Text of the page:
Wednesday, August 14, 2013
Only A Small Part Of The Story
Recently, TLC brought back the show “Who Do You Think You Are?” My wife and I enjoy watching the weekly episodes and learning about the interesting family histories that some celebrities are willing to share with the world. Seeing the reactions on the faces of those people can also be just as intriguing as we both know that feeling well of when something unexpected is discovered.
However, for me there has always been something missing. One of the fascinating aspects of genealogy for me has been the vastly different stories that our ancestors have. Many times, if you trace enough lines, you can find your ancestors in opposition whether it may be north against south, Indian versus settler, or some other means of conflict. These are the stories that shape us.
We are shaped by all our ancestors and the lives that each one of them lived both the remarkable and the ordinary. Sometimes it is more about the place rather than the person that adds depth and understanding. For instance, knowing that one of my ancestors came from Alsace Lorraine region in France by considered himself and was recognized upon immigration as German adds an interesting complexity to my ancestor’s life and to our family history.
Do we consider ourselves only German as our ancestor did or do we more accurately consider ourselves both? This is the kind of interesting internal question that really doesn’t have an answer as it is nearly impossible to balance the considerations from an ancestor’s life and how they view themselves with the facts that shape the world around them. This is the type of question that is frequently missing from the series.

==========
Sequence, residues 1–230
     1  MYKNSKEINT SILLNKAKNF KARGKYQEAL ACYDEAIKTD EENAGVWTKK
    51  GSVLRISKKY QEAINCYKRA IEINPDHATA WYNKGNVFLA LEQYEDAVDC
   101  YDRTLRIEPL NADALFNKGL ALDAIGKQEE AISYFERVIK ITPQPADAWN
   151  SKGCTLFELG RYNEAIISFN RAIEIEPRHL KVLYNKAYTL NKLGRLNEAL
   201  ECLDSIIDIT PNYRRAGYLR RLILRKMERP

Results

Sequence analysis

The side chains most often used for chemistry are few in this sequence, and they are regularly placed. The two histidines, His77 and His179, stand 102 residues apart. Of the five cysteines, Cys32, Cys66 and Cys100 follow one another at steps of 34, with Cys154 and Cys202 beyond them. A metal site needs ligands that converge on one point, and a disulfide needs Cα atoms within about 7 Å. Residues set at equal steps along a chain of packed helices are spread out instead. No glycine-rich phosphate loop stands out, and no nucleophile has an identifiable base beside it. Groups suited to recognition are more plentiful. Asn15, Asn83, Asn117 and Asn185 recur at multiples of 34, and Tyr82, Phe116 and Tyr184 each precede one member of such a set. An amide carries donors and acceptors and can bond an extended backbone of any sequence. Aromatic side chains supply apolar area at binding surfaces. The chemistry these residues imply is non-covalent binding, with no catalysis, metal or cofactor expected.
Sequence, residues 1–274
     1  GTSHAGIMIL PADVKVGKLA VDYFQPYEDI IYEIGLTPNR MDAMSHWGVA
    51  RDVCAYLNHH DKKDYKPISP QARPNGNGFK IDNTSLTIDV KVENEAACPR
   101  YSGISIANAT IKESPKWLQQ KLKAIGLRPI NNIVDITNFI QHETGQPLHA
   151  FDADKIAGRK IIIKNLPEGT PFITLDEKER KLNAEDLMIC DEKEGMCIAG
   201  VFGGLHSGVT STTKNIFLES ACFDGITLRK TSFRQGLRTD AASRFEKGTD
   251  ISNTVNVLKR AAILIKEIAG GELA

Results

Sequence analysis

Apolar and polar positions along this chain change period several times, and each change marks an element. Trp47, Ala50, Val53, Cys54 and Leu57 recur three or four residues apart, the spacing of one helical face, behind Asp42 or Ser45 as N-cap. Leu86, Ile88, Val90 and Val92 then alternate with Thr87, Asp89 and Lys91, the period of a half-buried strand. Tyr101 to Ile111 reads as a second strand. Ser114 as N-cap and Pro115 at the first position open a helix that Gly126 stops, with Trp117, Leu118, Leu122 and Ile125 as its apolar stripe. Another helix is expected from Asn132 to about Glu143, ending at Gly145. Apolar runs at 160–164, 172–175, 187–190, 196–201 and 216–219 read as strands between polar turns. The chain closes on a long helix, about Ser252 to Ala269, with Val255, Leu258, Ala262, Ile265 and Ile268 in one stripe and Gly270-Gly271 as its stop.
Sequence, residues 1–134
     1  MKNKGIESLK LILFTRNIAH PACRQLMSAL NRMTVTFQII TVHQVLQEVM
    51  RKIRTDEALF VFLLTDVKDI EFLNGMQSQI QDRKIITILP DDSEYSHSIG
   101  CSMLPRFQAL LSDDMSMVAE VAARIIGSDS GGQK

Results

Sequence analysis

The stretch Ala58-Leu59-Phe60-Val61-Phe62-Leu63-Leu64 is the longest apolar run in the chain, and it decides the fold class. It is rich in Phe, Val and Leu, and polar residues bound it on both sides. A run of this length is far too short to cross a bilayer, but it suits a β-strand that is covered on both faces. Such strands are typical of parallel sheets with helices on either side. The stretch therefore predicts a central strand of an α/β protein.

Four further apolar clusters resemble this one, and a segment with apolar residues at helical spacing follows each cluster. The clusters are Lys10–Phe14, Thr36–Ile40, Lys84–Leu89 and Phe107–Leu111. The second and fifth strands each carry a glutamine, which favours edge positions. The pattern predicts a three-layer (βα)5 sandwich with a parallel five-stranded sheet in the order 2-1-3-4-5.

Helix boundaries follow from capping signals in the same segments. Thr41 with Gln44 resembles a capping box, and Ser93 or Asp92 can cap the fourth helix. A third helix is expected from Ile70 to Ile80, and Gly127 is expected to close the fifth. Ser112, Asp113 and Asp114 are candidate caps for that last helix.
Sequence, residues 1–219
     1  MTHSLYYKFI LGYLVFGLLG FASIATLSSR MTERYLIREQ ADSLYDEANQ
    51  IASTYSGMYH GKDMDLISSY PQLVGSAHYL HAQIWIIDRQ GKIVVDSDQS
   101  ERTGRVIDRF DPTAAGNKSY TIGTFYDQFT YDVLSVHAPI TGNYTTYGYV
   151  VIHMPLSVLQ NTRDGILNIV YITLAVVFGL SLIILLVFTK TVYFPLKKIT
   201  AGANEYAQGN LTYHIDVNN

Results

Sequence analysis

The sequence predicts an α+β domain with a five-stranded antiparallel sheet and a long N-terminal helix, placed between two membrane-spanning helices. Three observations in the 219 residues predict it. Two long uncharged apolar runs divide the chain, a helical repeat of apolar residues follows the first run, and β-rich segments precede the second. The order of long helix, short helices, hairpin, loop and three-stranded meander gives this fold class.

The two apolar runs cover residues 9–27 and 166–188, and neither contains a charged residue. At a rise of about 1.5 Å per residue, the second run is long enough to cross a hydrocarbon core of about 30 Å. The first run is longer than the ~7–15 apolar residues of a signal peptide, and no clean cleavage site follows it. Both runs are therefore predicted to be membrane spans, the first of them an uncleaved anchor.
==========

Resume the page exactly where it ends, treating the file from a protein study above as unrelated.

During each episode the story of discovery is fascinating but it is by no means an accurate depiction of the process. Anyone who has done any kind of in depth genealogy understands the time and energy it takes to sometimes find just one item. Generation after generation the tedious process repeats until finally, after countless cycles the leaves of the tree begin to come into focus.
There are times when information is readily available, especially with the constantly expanding digital databases like ancestry.com, but that is still not the norm as many records remain confined to paper or microfilm. When you have to sort through piles of paper and reels of film in order to find a single document you have a much deeper appreciation of your heritage and you hold fast to the knowledge that you had to earn. It was not given to you in front of a camera; you had to work for the information, you had to sweat to find out who you are.
That is what is missing from this show. It is not about being handed your family history, it is about earning your heritage and connecting with your ancestors. That is how you truly find out who you are.
Many of you in the states may have missed this episode about J.K. Rowling as it is part of the UK series of the same name so I thought I would share it will all of you. There are subtle differences between the UK and US but they are equally entertaining. Enjoy!